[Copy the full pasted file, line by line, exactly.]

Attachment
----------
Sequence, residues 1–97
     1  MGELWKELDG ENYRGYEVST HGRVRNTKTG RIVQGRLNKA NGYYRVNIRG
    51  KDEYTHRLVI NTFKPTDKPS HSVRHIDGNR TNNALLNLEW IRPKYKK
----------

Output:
Sequence, residues 1–97
     1  MGELWKELDG ENYRGYEVST HGRVRNTKTG RIVQGRLNKA NGYYRVNIRG
    51  KDEYTHRLVI NTFKPTDKPS HSVRHIDGNR TNNALLNLEW IRPKYKK